Gallaudet University chemistry majors gain nanotechnology skills in summer internship at Howard University

Three Gallaudet University chemistry majors gained experience in nanotechnology during a research internship, held May 30 to August 4, 2011, at Howard University in Washington, D.C. Nanotechnology deals with the manipulation of matter on the scale of a billionth of a meter, and is currently studied in many fields of applied and research science, such as medicine, optics, chemistry, and semiconductor electronics.

The internship was made possible through National Science Foundation (Division of Material Research) grant number 0611595, which was awarded to Howard University, Johns Hopkins University, and Prince George's Community College.

Under the tutelage of Dr. Paul Sabila, an assistant professor in Gallaudet's Department of Chemistry and Physics, students Fang Yang, John Van Wey, and Gaber Rupnik worked in the laboratory at Howard's Department of Chemistry, synthesizing various organic compounds generally referred to as β-ketoimines. These compounds were purified by distillation under vacuum and then analyzed. This summer work will be followed up in the fall, and further synthesis and analysis will be carried out at Gallaudet's chemistry research laboratories by the students, under Sabila's guidance. The students will use these synthesized organic compounds to make various metal derivatives, which will then be used to prepare nanomaterials like gallium amide, which has potential application in the semiconductor industry.

During the internship, the students had the opportunity to attend presentations on nanotechnology and to visit the National Institute of Standards and Technology in Gaithersburg, Md., and Johns Hopkins University in Baltimore, Md., to learn more about various applications and techniques of nanotechnology. The internship also taught the students valuable lessons in laboratory safety. The students gave poster presentations at Johns Hopkins on August 4 and will be giving another presentation at the University of Maryland's Undergraduate Research Symposium on October 22, as well as at Gallaudet this fall.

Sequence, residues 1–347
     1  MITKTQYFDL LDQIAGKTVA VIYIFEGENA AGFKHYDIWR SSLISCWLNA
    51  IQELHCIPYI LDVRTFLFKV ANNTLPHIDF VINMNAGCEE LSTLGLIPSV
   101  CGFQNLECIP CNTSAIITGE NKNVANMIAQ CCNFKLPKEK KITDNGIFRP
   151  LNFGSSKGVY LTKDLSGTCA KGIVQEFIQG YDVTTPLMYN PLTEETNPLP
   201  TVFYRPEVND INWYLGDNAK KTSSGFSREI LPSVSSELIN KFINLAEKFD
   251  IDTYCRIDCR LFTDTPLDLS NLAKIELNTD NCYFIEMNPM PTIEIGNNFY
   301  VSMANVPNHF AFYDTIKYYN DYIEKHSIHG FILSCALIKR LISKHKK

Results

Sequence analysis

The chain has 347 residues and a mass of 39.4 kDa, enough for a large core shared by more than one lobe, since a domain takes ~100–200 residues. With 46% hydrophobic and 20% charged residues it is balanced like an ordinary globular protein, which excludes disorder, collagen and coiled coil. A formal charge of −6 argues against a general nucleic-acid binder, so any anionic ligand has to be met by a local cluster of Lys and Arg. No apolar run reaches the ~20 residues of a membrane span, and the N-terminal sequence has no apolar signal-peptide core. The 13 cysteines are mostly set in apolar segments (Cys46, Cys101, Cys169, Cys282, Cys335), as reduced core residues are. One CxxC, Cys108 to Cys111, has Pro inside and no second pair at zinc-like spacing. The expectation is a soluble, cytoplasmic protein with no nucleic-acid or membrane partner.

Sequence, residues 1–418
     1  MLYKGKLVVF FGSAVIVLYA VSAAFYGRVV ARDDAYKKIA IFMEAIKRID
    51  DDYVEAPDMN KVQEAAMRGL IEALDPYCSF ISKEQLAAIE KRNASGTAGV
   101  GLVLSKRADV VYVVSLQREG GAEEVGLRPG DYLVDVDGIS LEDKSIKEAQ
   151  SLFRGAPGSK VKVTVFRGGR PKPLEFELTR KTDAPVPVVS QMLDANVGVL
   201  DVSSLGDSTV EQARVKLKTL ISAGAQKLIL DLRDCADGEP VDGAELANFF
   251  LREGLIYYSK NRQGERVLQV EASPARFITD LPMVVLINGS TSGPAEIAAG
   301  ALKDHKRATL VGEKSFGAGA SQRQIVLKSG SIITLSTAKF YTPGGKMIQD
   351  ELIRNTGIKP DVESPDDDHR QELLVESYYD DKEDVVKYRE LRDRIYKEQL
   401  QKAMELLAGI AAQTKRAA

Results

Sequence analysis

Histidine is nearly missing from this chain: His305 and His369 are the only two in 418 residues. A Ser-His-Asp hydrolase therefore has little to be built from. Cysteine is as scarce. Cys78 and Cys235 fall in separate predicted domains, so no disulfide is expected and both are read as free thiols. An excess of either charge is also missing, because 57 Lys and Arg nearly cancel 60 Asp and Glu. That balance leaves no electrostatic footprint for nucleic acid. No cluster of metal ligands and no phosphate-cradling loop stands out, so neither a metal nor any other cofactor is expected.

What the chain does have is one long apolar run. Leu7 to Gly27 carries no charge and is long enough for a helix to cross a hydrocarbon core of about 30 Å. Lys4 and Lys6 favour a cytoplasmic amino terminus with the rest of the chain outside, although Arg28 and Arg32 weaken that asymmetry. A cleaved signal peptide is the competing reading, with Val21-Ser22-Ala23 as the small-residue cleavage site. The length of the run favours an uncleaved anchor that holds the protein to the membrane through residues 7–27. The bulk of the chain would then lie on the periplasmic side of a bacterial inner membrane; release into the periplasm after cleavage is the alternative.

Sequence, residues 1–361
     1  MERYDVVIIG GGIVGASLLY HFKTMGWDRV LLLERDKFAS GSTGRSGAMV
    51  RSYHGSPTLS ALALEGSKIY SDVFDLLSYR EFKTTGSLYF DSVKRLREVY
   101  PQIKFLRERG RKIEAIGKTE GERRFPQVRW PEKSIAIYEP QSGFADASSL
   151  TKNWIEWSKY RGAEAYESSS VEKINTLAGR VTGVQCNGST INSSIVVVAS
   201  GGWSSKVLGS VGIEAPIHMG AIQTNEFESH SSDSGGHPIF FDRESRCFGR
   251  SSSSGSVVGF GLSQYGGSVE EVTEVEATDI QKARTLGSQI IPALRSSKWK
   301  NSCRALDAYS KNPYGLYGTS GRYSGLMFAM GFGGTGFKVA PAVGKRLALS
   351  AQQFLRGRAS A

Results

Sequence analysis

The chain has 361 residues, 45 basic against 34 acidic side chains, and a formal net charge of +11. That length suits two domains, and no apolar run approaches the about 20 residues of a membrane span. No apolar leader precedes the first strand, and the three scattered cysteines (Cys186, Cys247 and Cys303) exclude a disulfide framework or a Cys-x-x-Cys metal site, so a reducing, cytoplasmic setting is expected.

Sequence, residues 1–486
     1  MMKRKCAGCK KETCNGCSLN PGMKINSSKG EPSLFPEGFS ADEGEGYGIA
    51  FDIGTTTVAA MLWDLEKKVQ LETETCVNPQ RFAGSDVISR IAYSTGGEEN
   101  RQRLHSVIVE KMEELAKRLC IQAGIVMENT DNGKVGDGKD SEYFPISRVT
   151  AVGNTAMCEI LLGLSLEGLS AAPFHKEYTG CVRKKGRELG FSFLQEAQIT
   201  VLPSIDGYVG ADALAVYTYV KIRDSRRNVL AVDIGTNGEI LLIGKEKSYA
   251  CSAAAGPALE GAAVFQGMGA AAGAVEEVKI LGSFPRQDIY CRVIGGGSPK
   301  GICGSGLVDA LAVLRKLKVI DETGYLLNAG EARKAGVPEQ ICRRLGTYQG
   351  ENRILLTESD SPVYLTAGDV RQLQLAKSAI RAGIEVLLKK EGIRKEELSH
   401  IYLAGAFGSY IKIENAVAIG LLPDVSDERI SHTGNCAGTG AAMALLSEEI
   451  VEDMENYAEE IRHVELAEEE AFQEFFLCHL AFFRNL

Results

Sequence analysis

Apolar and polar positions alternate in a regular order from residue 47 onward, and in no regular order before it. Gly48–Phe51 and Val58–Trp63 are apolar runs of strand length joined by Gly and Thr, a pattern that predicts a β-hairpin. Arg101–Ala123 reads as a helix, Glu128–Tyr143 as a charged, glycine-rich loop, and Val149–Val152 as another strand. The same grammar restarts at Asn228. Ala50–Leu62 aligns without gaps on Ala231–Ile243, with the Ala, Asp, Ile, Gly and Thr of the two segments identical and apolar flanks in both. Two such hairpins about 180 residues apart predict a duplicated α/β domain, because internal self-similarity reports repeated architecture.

During the 2011-2012 academic year, the students will continue to work with Sabila at Gallaudet on various projects, including organic synthesis, development of new synthetic strategies, and synthesis of natural product-like molecules, as well as nanotechnology. This year, the three participating students will also act as mentors for new students interested in pursuing research and majoring in chemistry.

"This summer research internship further strengthened the collaboration between Gallaudet University and Howard University," said Sabila, who was also able to advise several of Howard's graduate students while at the university. "We greatly appreciate the support of Gallaudet's Career Center, the National Science Foundation, and Dr. Joshua Halpern and Dr. Jason Matthews from Howard University." Sabila also extended his appreciation to Gallaudet President T. Alan Hurwitz; the Mellon Foundation; College of Liberal Arts, Sciences, and Technologies Dean Isaac Agboola; Department of Chemistry and Physics Acting Chair Dave Snyder and his mentor, Department of Chemistry professor Charlene Sorensen; and Gallaudet's Small Research Grants program for providing funds for the renovation of the University's chemistry research laboratories and for the purchase of new chemicals and equipment.

Sabila has a collaborative research relationship with faculty in Howard's Department of Chemistry and School of Engineering, and the possibility of establishing a stronger collaboration that will enable Gallaudet students to obtain more internship/research experiences at Howard and Johns Hopkins, and possibly other universities. "This will be very beneficial to Gallaudet students, and it will also enable them to develop potential networks that could help them obtain graduate school positions at some of these institutions," said Sabila. "The collaboration between Gallaudet and Howard universities will strengthen the chemistry and physics program at Gallaudet, helping Gallaudet continue to be an attractive destination as the university of first choice among deaf and hard of hearing individuals."

--Dr. Paul Sabila

(This material is based upon work supported by the National Science Foundation under DMR-0611595. Any opinions, findings, and conclusions or recommendations expressed in this material are those of the author(s) and do not necessarily reflect the views of the National Science Foundation.)